Circular Polarizer Filters

In this modern age of digital photography, lens filters are often regarded as redundant, because many of the special effects can be replicated in post processing with software like photoshop. Traditionally we would use an ND Gradient filter to darken a sky, and allow us proper exposure of the ground. Now it is a piece of cake to blend two exposures, one for the sky, one for the ground, into one photo. The biggest drawback for the ND Grad filter is that unless you are shooting over flat ground, or the ocean, you will darken your hills, trees, buildings, or whatever. With photoshop this is easily avoided. ND Grads are still a far better option if you want to do long exposures though.

Filters that provide a tint, well thats easy too.

Digital cameras are not sensitive to UV light so a UV filter does nothing, but they do provide cheap protection for your lens’s front element. ¬†Better to damage a cheap filter than your lens.

But one filter that really can not be replicated is the Polarizer filter. If your camera is an auto focus one, you will need a Circular Polarizer or else the AF will not work.  Most commonly they are a screw on filter. The filter screws onto the lens and then can spin, so you can adjust the angle of the polarization against the sunlight. If the filter is 90 degrees off it will have no polarization effect (though it will still knock about 1.5 stops of light out, which can also be handy). When you turn the filter around you will see the magic happen.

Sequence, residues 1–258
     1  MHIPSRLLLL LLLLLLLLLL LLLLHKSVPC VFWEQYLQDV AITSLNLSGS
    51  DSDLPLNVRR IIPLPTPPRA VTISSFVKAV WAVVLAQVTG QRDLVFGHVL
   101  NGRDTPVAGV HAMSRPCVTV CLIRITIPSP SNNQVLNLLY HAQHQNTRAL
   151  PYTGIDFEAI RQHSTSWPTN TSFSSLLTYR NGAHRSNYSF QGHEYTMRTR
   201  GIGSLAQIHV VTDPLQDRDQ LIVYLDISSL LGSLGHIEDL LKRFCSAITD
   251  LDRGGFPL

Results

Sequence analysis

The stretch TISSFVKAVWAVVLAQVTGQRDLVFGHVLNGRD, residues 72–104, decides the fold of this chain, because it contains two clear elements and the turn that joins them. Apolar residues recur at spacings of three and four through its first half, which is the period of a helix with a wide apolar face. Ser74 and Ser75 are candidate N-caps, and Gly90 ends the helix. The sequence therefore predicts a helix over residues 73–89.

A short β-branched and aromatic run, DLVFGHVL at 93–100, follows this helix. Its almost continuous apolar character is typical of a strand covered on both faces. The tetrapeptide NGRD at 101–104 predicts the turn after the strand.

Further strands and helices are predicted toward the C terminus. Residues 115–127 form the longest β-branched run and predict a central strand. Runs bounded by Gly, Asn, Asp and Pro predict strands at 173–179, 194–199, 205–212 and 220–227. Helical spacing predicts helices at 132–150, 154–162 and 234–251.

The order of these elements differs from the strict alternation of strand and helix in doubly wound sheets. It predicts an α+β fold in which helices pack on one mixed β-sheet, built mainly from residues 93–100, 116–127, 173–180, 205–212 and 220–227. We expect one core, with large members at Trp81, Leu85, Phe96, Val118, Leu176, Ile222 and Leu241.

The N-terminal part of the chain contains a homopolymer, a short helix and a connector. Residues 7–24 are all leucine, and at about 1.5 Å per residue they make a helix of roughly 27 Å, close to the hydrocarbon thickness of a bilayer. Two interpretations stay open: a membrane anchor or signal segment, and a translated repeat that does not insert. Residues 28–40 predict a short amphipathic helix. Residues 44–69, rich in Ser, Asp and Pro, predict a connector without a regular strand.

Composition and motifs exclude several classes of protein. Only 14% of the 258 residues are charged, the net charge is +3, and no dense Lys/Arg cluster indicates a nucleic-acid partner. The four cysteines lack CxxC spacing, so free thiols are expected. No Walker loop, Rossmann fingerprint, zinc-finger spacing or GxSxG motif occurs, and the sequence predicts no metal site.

When using the filter, you just turn it until it looks good. Note it will really work best in bright sunlight or with a direct light source, it has less effect on a cloudy day.

Firstly the filter will reduce haze, increase contrast and the saturation of colours. Greens of trees will be enhanced, and it will really bring up and darken the blue of the sky, which can often appear pale and washed out. Compare these two photos…

This shot has EXACTLY the same shutter speed, aperture, ISO, focal length, white balance and colour profile setting, but the polarizer was turned around to effect…

But wait, theres more. As well as enhancing colour, the Circular Polarizer will also help get rid of or reduce reflections from non metallic objects. It will get rid of glare and reflections from water, windows, and its even good at getting rid of reflections in the paintwork of cars, though since they have complex shapes you may need to blend multiple exposures with different polarizer settings to get a great effect.

Check out these quick demo shots I took some time ago in Liverpool St, Hobart. Excuse the ordinary pictures, they are just snaps to be used for example…

Firstly without polarization..

And with…

Now THAT is something you simply can not do in Photoshop.

I also use the Circular Polarizer Filter a lot when shooting motorsport, as it allows me to slow down my shutter speed a bit to get a better motion blur in the background when panning, and you can also tweak the polarization to remove the glare from the car windows, so you can see inside the car, and of course the driver.

Circular Polarizers are expensive. Very expensive. My 82mm filter for my ultra wide angle lens nearly required the sale of some internal organs, but they are a very worthwhile investment, and really are an essential part of anyones gear bag if into landscape, architectural, or automotive photography.

3 thoughts on “Circular Polarizer Filters”

  1. Hi Nigel,

    I was wondering if you had any success/experience in using a circular polarizer for shots involving people in bright light – I was curious if they could be used to reduce glare off someones skin (hey we are 70% water!) ?

    1. G’day Colin…
      Can’t say I have ever tried, I would be surprised though, skin is not reflective as such.

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